6. Do you have any evidence/data to support or disagree with any of the proposals which you would like the government to consider as part of this consultation?
You should consider the results of the Law Society’s research into legal aid deserts for housing law and the likely impact of your proposals on the already dire situation set out in that document.
We would happily share our data with you showing how efficient we already are, our profit margins and accounts but this is not appropriate for a document which may become public. You will have data as to the results that we achieve in our defended possession proceedings via the LAA. Our account number is 1C141C. It is clear that nobody has thought through the implications of these reforms for legal aid cases, which is disappointing. We are happy to talk to you about this.
You should take into account the requirements imposed on us by the Legal Aid 2018 Contract Specification.
7. What do you consider to be the equalities impacts on individuals with protected characteristics of each of the proposed options for reform? Please give reasons.
Many tenants that we represent have the protected characteristic of disability. There is no evidence that you have even considered this. If firms such as ours cease to exist, as they will if these reforms are extended to legally aided possession claims, then these tenants will suffer indirect discrimination. There is no legitimate aim to justify this, as the consultation paper says that the number of legally aided cases is minimal. They could therefore be exempted from the scheme without interfering with the achievement of a legitimate aim.
8. Do you agree that we have correctly identified the range of impacts under each of the proposed reforms set out in this consultation paper? Please give reasons.
No, for the reasons given in response to question 9
9. Do you agree that we have correctly identified the extent of the impacts under each of these proposals? Please give reasons and supply evidence as appropriate
There is no evidence that you have considered the impact of these proposals on those facing possession proceedings who lack the mental capacity to litigate. We are often instructed by the Official Solicitor where a defendant lacks capacity to litigate. Acting for these extremely vulnerable individuals is time consuming and often very difficult. If the OS sought to instruct us in a case covered by this regime we would have to decline instructions. We could not take the chance that it might be allocated to the fast track. These vulnerable individuals who have a protected characteristic (disability) would suffer indirect discrimination if firms such as ours go out of business or have to decline instructions.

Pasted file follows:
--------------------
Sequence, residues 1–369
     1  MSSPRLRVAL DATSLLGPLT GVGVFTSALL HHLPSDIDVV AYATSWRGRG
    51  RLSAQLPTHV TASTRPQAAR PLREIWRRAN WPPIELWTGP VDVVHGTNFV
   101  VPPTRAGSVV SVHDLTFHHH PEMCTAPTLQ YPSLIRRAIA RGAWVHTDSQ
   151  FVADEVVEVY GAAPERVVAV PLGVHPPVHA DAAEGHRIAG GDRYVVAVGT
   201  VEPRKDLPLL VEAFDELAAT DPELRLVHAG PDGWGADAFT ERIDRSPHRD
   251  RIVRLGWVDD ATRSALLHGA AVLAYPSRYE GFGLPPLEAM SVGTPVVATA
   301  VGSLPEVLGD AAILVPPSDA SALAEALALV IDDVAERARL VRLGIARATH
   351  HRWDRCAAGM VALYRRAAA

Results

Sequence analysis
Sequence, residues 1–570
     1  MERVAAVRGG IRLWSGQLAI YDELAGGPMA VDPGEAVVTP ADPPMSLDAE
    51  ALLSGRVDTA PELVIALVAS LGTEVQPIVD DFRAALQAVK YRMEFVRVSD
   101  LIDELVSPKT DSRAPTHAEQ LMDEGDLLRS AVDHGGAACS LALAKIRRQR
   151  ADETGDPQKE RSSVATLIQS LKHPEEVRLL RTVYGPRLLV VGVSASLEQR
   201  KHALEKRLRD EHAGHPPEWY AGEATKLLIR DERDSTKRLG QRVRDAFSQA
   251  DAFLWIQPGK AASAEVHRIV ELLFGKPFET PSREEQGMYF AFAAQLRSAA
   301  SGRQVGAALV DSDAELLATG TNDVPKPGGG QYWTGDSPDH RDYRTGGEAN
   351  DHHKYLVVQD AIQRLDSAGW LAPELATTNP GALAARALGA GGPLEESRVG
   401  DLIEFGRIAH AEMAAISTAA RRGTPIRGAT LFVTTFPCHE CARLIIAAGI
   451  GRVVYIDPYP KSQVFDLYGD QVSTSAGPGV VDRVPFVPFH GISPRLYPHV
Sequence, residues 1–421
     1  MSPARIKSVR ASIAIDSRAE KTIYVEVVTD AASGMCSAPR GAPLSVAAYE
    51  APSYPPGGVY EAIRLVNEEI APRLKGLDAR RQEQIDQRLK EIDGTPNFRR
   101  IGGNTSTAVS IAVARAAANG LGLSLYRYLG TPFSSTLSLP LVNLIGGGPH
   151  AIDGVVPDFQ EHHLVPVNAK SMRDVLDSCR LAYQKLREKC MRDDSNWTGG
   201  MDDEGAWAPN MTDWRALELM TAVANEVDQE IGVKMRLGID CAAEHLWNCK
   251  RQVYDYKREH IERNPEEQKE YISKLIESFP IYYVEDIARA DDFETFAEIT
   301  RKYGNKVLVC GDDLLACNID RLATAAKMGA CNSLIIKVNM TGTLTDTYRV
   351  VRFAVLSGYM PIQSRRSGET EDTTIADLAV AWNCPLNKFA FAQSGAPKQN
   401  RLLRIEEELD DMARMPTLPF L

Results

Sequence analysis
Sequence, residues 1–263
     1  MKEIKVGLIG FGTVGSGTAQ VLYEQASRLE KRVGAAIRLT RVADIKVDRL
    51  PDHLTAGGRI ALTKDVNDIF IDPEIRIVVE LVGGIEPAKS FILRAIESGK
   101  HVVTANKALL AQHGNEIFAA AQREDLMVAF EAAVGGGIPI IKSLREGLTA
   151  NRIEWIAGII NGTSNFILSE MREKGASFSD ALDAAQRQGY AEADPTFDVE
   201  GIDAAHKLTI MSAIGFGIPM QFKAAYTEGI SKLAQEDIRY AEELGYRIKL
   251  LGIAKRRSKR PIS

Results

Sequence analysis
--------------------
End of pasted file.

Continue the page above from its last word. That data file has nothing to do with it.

Those facing possession proceedings with a protected characteristic would suffer indirect discrimination and an interference with their Article 8 rights if firms such as ours cease to take on their cases due to FRC. These are a group of court users – legally aided people with a protected characteristic: age, disability, race, sex, who are facing possession proceedings – whom you have not considered. It cannot be a proportionate means of achieving a legitimate aim to include legally aided possession proceedings in the FRC regime, when, as you state in the consultation document, there are so few legally aided litigants in civil cases, but when the adverse effect of these proposals on them are enormous. You have not even carried out a cost/benefit analysis in relation to them, much less a proportionality assessment.
10. Are there forms of mitigation in relation to that we have not considered?
Yes. Exempt legally aided cases, and cases being brought against a defendant who lacks capacity to litigate, from the scheme
The Community Law Partnership
5 June 2019